BU J-school prof: Edit pages are partisan. Get over it. The Globe's Mark Jurkowitz today has an overview on the controversy at the Herald over the hiring of longtime Republican politico Virginia Buckingham as deputy editorial-page editor. The editor of CommonWealth magazine, Bob Keough, gets off the best quote, telling Jurkowitz, "If she were going to get a desk in the newsrooom, that would be a problem. I'm not sure it raises that many red flags to be on the editorial page." But Buckingham made me wince in saying, "My dream has always been to pursue a writing career," which only highlights the yawning gap between her complete lack of experience and the plum job she's been handed.

Meanwhile, Boston University journalism professor Mike Berlin can't understand what all the fuss is about. He sent a long and thoughtful e-mail to Media Log, which appears below:

I heard about the Buckingham conflict at the Herald on "Beat the Press," and found myself quite puzzled about why reporters took it upon themselves to voice a protest, and what conflicts of interest there could possibly be for a person whose job it is to reflect the views of the publisher/owner and commit those views to print.

When your boss writes about expanding Fenway Park to swallow the Phoenix office, there are conflicts of interest inherent in his viewpoint. But as the owner he is entitled to express it in an editorial or have an editorial writer express it for him, and since they are his views, it doesn't much matter who the writer may be.

If he were a former state commissioner with some link to a party or a faction, one would expect him to reflect the viewpoint of that party or faction, very much the way that Herald publisher Pat Purcell is linked to various people, issues and ideology and is expected to reflect that viewpoint on the editorial page of the Herald, or through the people he chooses to hire to do the writing for him. If they can't write very well, then that's his problem, and perhaps he will get an editor to look over their copy before it runs, or perhaps he won't and people will think less of his views because they are not well expressed.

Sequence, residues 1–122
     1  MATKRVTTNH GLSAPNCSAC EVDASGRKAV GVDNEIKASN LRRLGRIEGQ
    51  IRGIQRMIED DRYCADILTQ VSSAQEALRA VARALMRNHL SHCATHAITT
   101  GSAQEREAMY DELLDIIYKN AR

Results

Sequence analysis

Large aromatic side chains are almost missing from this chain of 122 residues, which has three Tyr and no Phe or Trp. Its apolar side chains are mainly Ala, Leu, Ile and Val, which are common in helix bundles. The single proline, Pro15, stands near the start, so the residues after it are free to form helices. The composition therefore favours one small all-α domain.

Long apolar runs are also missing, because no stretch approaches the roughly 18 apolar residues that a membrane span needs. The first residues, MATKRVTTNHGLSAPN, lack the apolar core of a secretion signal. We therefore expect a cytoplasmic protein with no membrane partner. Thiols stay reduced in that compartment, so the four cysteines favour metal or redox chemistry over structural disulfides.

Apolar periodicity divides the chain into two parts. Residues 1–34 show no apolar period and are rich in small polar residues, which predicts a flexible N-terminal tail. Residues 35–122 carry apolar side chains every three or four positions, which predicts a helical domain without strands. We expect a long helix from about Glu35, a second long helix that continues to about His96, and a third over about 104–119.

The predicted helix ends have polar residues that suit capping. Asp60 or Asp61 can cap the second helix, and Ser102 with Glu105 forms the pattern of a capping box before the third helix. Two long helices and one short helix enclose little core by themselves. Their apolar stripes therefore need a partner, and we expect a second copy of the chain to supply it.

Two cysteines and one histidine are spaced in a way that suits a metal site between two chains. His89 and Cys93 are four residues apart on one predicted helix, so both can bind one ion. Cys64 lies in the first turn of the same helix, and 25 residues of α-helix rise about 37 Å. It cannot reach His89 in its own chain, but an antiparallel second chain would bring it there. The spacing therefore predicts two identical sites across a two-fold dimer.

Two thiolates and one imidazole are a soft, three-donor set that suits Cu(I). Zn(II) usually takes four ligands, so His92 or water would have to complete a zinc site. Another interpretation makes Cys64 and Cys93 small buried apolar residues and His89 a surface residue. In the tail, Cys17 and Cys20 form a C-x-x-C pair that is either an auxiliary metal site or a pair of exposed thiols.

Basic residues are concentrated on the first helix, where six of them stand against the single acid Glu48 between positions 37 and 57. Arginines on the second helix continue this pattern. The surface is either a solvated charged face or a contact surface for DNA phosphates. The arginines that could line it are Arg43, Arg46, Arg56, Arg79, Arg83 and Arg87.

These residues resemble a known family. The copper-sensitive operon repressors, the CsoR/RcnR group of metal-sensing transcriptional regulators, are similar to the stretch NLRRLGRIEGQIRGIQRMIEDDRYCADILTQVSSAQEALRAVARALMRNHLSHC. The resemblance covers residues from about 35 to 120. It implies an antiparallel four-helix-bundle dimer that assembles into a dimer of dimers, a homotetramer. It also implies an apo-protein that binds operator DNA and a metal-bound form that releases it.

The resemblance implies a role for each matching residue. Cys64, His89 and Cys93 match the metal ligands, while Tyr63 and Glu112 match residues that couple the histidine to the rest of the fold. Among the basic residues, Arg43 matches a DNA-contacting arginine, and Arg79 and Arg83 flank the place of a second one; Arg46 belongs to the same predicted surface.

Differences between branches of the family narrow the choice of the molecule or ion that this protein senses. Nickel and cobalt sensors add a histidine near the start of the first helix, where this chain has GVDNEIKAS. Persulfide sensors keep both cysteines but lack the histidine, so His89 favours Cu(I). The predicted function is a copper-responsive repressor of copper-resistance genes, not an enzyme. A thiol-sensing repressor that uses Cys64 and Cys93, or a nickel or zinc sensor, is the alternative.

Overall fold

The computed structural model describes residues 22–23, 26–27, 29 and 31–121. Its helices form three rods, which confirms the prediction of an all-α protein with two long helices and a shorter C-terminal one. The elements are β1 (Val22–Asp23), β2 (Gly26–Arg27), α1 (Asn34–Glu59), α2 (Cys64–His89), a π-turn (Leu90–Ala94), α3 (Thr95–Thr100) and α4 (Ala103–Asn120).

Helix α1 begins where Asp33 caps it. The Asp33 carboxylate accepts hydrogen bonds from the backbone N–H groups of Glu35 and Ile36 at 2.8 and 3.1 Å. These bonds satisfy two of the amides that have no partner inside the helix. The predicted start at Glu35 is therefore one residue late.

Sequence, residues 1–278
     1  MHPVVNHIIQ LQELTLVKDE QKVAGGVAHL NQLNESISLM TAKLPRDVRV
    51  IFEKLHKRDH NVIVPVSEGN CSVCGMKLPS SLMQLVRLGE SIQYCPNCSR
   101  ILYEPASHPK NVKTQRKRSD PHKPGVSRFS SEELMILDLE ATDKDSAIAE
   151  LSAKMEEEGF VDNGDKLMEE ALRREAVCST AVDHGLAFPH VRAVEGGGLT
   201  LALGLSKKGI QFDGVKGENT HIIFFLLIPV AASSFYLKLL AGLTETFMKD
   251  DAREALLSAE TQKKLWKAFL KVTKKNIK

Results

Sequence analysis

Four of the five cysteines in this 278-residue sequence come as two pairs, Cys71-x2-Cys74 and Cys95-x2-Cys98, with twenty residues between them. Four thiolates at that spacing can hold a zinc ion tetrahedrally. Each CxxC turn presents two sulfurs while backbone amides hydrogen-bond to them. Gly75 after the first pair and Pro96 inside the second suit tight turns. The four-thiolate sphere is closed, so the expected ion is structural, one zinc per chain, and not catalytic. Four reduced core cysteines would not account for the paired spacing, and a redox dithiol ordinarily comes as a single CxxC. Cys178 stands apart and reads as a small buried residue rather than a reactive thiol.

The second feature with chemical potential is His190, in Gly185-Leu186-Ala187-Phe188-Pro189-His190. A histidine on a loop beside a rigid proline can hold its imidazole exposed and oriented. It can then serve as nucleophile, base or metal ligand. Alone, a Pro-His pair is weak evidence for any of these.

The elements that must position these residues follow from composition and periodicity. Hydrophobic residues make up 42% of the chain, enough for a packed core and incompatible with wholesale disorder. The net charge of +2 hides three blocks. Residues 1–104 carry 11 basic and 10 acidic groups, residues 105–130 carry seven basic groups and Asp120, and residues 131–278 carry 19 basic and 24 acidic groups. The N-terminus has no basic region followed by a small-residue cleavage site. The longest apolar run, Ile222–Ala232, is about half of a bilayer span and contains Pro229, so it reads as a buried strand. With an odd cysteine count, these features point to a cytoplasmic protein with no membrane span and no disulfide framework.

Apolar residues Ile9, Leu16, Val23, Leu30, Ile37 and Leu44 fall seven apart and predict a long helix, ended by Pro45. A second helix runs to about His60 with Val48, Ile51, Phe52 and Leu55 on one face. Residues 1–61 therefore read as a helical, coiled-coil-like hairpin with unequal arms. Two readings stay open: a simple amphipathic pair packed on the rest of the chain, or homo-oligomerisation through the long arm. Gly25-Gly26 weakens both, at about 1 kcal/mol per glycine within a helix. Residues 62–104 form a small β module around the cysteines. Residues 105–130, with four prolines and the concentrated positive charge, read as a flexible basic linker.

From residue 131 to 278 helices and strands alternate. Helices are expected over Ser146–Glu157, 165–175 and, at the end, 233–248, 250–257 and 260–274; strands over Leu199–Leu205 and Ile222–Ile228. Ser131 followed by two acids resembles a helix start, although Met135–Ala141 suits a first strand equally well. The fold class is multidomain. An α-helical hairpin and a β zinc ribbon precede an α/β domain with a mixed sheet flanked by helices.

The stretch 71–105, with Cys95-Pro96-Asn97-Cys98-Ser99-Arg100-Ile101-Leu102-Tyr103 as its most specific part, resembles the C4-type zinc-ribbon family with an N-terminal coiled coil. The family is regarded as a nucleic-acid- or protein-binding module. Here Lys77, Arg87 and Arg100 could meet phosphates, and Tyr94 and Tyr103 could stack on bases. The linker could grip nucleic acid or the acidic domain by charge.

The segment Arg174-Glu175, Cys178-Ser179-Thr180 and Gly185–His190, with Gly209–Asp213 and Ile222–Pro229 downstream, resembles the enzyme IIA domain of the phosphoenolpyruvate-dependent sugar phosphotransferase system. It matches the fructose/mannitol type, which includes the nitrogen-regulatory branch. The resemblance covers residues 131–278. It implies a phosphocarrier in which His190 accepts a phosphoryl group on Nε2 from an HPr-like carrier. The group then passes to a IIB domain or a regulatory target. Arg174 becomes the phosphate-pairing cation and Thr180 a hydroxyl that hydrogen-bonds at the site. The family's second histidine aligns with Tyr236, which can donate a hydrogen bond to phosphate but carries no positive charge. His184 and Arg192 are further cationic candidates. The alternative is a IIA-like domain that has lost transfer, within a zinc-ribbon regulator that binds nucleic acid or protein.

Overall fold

Readers should be aware that the editorial page reflects the views of the owner. If they are not aware, that is their lookout, not his. He already has an ideologue of his choosing as the editor of the page, and columnists who reflect the views he wishes to have expressed. It should be clear where the Herald stands. If Purcell is generous enough to listen to other voices before expressing the paper's views, that may be a bonus, but no one should expect it.

But you want people on the edit page who have strong opinions and advocate causes, not people who are neutral, cautious and dull, and write editorials that waffle and don't come down on one side or another.

But why should this matter to the reporters? Their concern is to maintain the wall between news pages and editorial pages; ensure that readers are aware of the difference; and fight to prevent the editorial-page views from slopping into their own copy and their editors' news choices. That is what they should be fighting for. When I worked at Dolly Schiff's New York Post, Paul Sann, the executive edtior, reveled in running stories that made Dolly's viewpoints, and thus Jimmy Wechsler's editorials, look silly. It was his way of showing the city that the news/editorial wall was impregnable.

The bad rap on Rupert Murdoch and his style of journalism is not that he hired frothers-at-the-mouth to run his edit page and sound like ideologues. That was well within the American tradition. The problem with his journalism was that he didn't let the news pages run on the basis of journalistic choices, but forced out stuff that he didn't like editorially (stories about environmental threats, or stories that made Jimmy Carter look good) and forced in stories that were politicized. And in a modified form, that remains true today of both Boston newspapers; readers do think that they pull punches on news stories to match editorial-page views.

By protesting the choice of an edit writer, Herald reporters are suggesting to the public that what is printed there does in fact tarnish the news coverage. They are admitting a link that they should be rejecting and denying.

I speak as someone who wrote edits as a summer replacement both under Dolly and under Rupert, when he attended the weekly editorial meeting personally and had long arguments with Jimmy Wechsler about abortion, afffirmative action and other issues (he was against capital punishment) and then went back to my job as a reporter, fighting as best I could to get stuff into the paper that the boss wouldn't like, and to keep stuff out of the paper that was propaganda for the boss's pet projects.

Buckingham is simply a reminder that all editorial pages are appropriately opinionated, slanted, biased, and reflect the viewpoint of the owner (or the owner's willingness to allow a range of viewpoints to be expressed), rather than fair and balanced and open to all viewpoints, as the news pages should be.

posted at 9:28 AM | link

Media Log goes policy wonk! People don't want smaller government and lower taxes. They want bigger government and lower taxes. They want it all, and they want it right now. Politicians can choose between trying to explain that, you know, stuff costs money, or they can pander. The latter is a sure route to success. Mitt Romney last year pandered his way right into the corner office.